From Publishers Weekly
Psychology promises access to the deepest recesses of the human mind, but once we get there, they strongly resemble neural synapses. Baseball at least lends itself to discussions of psychology, as it is the national sport that depends least on sheer strength or speed and most on hand-eye coordination, and its leisurely pace elevates nerve over adrenaline. The yawning chasm separating Tony Gwynn and Mario Mendoza (the latter famous for not hitting well) seems to reside more than usually inside the cranium. University of Missouri psychology professor Stadler splits his book evenly between the neurology of performance and the more workaday issues of pressure that fans ponder. The sections on hitting a pitch and tracking a fly ball, with their emphasis on optics and motor reflexes, are more successful than the chapter on pitching, as it may be more difficult to reduce the act of "painting the black" (i.e., putting a hard pitch exactly in the right place) to a mechanistic feedback loop. The book picks up interest when Stadler turns to the true mysteries of baseball: the storied streaks and slumps, its dismaying chokes, that ineffable X factor that makes this draft pick an All-Star and that one a dud. Showing a pleasing tendency to avoid cant and received conclusions, Stadler deftly marshals a wide variety of evidence to arrive at some canny conclusions. (Apr.)
Copyright © Reed Business Information, a division of Reed Elsevier Inc. All rights reserved.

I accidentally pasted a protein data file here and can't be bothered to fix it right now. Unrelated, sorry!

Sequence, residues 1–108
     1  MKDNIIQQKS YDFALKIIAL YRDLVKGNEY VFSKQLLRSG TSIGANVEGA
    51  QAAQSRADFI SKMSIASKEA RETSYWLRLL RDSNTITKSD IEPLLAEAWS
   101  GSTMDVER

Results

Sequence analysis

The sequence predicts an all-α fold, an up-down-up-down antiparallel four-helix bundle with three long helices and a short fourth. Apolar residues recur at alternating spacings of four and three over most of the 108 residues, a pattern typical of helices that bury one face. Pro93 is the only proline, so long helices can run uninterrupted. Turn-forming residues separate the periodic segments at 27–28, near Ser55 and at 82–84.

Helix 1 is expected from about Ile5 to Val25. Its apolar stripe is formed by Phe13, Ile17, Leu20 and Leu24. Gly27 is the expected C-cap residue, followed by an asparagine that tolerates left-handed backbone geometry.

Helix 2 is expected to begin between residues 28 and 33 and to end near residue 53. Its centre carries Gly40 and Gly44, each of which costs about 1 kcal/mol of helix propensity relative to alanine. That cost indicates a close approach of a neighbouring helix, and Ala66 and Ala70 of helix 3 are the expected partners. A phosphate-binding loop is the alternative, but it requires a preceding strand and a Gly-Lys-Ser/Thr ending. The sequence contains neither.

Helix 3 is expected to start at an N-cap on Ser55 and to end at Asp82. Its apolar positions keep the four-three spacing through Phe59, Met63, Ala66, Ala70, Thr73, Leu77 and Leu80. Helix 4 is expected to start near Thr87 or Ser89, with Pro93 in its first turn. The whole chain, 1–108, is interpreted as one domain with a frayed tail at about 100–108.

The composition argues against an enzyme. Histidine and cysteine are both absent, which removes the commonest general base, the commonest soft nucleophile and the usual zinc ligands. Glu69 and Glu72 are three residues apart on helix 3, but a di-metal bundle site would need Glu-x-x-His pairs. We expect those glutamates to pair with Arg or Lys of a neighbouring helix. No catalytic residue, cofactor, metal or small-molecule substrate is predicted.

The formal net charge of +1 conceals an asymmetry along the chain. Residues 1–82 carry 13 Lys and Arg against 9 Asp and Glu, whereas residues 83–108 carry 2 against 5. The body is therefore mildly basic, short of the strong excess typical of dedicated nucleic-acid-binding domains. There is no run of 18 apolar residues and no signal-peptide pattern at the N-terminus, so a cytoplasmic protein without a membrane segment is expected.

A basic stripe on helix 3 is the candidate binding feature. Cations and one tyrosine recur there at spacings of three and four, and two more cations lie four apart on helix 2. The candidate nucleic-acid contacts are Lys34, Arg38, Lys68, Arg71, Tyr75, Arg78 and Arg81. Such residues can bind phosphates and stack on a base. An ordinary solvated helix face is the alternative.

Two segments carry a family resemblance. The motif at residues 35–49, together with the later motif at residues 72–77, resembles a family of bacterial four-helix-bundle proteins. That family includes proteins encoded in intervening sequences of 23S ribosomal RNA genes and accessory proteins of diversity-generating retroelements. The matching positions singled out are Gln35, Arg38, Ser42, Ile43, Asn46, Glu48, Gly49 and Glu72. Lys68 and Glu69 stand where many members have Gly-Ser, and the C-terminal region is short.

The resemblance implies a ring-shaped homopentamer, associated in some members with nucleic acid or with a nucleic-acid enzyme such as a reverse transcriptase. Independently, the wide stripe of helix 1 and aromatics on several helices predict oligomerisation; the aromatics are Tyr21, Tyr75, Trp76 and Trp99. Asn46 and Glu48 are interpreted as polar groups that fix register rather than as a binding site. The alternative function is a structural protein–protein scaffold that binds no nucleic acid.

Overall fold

*Starred Review* Baseball fans have all heard hitters on a hot streak say--self-effacingly, of course-- "Well, the ball just looks bigger to me." Stadler, a college professor specializing in cognitive psychology, analyzes recent research suggesting that maybe they actually do
see it better. Stadler's basic premise is that baseball is at least as much a mental exercise as a physical one. He examines the visual acuity needed to see a ball hurtling toward home plate at 95 miles an hour, determines that batters lose sight of the ball at some point, and then presents the mental gyrations--calculated in hundredths of a second--that end with bat meeting ball. Or not. Interestingly, he also cites studies suggesting that steroids improve not only strength but also vision. Along the way, he debunks a couple of myths, such as the "rising fastball." He also asks crucial questions for which research offers no definitive answers: Why do some players perform better than others in pressure situations? Particularly interesting is a chapter on the nature of fandom. Why are we fans? What do we gain? Are there negative aspects? Fans of any sport--not just baseball--will be galvanized by the information presented, the questions asked, and the theories posed. Despite its eggheady title, this could become one of the hot baseball books of the year. Wes LukowskyCopyright © American Library Association. All rights reserved